Our new Letter of Agreement also added a new SYR departure route that avoids New York Center's airspace. Where as before, we always had to call New York before we could climb the plane above 10000 under their airspace if SYR was departing west. This new route was screwing up SYR approach's handoff to Boston Center (it kept trying to process the flight plan to New York, the very airspace it was meant to avoid, go figure), and it took a few hours to determine that this wasn't our problem, so the tower was tasked with fixing the routes for the departure controller.

Ending on a positive, our new Letter of Agreement allows us to clear everyone direct to their airport, so that makes the pilots happy.

I would say, from my view, operationally, the consolidation has gone better than expected. I can't say the same for the controllers who have to pack up and move away and learn new airspace...

Till next time...


March 3, 2010

Cleared for Takeoff

Someone is always listening. That is part of the job description of being an air traffic controller. We hope the pilots are listening, but isn't always the case based on some recent "NORDO" events that have made headlines. doesn't have any live feeds of my area, so bad phraseology and dumb jokes tend to go unnoticed by the public. But everything we do is taped by the FAA. Every computer input is reviewable. And the blips/airplanes are full of people. We all take that very seriously, but, at the same time, have to put these things in the back of our minds to do our job successfully.

Things are sometimes said on frequency that we immediately regret, or at least a "I hope nothing happens to this guy or they're gonna pull the tapes" thought flashes through our minds for a moment, and then we move on and keep working. Our workday consists of many ups and downs, and we often go from being freakishly busy to mostly dull and back again within the course of a shift. That's just how airline schedules work. These "dull" times aren't void of airplanes, but there is nothing complicated happening. These are often the times when silly comments are made, or we spend a few seconds longer inquiring about the ride reports, or ask an simple question about a new aircraft's performance. It keeps us sane and alert.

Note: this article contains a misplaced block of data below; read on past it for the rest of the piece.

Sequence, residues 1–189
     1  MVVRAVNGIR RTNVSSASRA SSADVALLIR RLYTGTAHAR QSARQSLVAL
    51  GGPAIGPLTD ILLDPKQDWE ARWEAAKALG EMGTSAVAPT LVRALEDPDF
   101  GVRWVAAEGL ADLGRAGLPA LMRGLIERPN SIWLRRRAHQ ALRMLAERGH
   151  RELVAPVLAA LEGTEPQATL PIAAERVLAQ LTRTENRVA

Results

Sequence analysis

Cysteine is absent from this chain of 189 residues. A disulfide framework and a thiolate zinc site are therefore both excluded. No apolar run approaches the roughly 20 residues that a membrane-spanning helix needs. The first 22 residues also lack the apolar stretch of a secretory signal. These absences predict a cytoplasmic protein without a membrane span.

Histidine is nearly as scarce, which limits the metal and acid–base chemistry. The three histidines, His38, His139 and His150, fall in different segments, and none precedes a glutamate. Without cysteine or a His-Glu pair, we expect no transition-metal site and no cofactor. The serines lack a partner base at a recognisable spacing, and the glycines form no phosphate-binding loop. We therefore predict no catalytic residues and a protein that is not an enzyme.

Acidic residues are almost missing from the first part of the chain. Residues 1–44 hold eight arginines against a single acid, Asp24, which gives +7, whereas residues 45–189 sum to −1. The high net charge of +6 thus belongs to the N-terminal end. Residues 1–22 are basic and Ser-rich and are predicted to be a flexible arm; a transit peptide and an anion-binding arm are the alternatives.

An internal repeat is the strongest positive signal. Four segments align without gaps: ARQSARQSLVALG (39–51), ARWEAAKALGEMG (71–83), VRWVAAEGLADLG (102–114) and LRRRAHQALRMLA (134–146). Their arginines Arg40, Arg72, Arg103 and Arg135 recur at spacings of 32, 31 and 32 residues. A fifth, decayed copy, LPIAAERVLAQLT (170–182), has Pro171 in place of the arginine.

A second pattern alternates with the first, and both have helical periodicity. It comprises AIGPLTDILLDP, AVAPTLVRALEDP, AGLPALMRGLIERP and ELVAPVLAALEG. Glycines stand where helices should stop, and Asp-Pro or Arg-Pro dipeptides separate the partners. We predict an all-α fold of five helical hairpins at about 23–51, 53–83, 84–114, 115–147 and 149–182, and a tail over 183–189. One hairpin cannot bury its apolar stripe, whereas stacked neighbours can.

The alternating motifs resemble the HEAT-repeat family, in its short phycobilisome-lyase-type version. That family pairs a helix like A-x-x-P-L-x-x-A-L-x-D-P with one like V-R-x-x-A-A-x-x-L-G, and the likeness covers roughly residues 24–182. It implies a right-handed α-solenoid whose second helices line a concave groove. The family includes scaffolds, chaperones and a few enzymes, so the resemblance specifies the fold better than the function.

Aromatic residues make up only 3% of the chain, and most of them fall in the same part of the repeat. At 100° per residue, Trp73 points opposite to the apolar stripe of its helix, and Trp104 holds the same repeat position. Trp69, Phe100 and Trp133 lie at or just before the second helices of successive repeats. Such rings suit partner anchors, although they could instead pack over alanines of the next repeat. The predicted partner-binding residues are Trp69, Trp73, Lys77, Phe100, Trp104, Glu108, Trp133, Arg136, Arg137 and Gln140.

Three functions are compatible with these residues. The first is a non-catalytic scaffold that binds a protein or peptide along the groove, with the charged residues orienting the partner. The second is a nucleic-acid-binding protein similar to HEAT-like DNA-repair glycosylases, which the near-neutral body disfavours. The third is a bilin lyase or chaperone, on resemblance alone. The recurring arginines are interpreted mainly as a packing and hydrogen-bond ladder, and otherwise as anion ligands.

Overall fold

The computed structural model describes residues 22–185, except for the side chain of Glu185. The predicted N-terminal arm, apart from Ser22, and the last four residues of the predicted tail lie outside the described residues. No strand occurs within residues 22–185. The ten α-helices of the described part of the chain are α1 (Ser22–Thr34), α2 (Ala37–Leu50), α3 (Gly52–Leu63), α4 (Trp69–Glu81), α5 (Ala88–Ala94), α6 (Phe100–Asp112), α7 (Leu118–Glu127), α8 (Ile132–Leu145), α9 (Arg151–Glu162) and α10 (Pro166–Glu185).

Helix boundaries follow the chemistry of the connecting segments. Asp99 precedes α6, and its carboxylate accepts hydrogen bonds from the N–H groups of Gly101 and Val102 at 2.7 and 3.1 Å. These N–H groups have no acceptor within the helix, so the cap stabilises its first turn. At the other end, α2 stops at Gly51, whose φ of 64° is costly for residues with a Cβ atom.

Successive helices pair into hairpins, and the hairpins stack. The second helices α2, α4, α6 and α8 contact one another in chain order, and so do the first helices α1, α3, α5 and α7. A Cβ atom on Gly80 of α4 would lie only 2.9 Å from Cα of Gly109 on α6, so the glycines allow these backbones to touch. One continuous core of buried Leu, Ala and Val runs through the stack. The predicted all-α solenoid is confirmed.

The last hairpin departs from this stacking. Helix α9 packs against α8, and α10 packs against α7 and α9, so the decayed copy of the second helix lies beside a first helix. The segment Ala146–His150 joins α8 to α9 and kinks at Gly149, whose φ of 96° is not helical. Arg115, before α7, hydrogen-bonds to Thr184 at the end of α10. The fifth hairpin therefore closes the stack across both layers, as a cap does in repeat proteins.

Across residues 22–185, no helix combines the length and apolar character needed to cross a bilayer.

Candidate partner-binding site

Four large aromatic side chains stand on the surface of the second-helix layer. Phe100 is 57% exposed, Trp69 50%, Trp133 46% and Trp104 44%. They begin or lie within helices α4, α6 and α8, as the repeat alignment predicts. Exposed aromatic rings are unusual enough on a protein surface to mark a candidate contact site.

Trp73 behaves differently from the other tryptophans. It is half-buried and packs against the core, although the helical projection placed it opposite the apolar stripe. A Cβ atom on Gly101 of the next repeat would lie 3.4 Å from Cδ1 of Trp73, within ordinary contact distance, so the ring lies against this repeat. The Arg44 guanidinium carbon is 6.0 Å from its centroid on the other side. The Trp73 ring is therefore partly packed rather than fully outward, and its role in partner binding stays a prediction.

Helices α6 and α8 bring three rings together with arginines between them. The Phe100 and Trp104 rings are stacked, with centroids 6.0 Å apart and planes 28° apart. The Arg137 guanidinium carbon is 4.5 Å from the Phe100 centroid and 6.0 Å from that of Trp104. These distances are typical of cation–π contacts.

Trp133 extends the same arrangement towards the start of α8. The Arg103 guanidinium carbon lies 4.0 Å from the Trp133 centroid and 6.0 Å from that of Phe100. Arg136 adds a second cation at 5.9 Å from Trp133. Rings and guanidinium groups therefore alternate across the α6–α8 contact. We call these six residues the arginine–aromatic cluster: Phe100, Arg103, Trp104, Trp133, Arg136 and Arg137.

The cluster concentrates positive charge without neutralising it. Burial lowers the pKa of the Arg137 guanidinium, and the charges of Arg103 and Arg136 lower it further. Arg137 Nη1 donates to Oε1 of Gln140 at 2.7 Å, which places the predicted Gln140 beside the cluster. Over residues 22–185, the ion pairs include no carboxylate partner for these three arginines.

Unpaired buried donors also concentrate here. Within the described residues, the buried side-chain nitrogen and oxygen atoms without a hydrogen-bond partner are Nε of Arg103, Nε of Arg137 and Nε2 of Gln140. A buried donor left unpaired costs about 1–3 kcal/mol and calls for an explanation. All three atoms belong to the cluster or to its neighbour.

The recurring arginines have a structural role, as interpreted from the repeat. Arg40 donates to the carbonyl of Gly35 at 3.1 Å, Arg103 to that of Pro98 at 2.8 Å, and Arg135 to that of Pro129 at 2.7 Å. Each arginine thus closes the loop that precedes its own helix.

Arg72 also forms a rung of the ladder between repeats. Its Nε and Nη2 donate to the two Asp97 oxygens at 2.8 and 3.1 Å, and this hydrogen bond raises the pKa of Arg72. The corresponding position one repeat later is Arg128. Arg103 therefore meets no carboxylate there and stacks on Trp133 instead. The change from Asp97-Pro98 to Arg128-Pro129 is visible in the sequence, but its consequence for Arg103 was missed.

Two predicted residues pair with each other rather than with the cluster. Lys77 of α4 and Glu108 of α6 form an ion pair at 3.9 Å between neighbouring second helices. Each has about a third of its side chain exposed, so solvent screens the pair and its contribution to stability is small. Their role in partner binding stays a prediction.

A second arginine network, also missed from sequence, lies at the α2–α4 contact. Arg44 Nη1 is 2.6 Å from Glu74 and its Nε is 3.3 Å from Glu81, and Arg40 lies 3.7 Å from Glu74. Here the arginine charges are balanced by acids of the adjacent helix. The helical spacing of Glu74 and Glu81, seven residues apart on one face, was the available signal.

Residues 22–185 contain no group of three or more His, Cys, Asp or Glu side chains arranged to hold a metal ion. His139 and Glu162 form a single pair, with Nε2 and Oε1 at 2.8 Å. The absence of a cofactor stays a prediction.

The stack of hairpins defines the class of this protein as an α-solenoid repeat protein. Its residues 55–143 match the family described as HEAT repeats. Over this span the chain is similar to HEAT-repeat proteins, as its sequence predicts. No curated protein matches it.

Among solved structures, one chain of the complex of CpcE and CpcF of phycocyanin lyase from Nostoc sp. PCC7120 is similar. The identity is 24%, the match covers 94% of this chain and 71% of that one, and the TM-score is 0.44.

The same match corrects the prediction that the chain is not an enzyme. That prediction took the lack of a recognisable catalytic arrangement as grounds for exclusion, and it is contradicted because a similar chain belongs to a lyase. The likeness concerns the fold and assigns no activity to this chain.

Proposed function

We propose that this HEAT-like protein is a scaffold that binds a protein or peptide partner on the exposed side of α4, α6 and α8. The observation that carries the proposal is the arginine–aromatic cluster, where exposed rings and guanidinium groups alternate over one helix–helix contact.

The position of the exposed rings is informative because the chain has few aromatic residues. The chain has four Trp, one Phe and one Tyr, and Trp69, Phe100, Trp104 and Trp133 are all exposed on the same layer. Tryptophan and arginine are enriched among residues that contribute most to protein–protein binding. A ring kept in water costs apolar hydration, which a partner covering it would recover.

Controllers are paid a lot of money to make good judgment calls thousands of times, if not millions of times, a day. As much as it is a part of our job, we are NOT solely paid to talk on the radio, nor is issuing clearances on frequency the most difficult part of our job. This job is all about formulating a plan and a series of timed transmissions to make the plan work. We are paid to manage our airspace and our frequencies together.

This is in response to all the media hoopla in regards to a controller that let his child transmit to airplanes. The child was not being an air traffic controller. The child was not in control of the airspace. The child was relaying clearances that the controller was instructing the child to transmit on frequency, in a similar fashion that FSS controllers relay clearances to planes at uncontrolled airports. (This is NOT intended to undermine my FSS friends, just to make a point) The controller, who is trusted to make judgments about everything else in regards to his operational position, apparently is not trusted to determine that two airplanes awaiting takeoff at one of the busiest airports in the world is slow enough to let his child have a great experience on his winter break with his dad at work. If something other than "cleared for takeoff" and "contact departure" needed to be said, it WOULD have been said.

Sorry for the op-ed piece. Let's focus on stuff that is actually unsafe. Check out the newest adjacent sector "ATCfreqs" for some important information about ERAM. Let's not get distracted by a controller who can't get a day off to spend with his kid because the FAA is under-staffing his tower.

Till next time...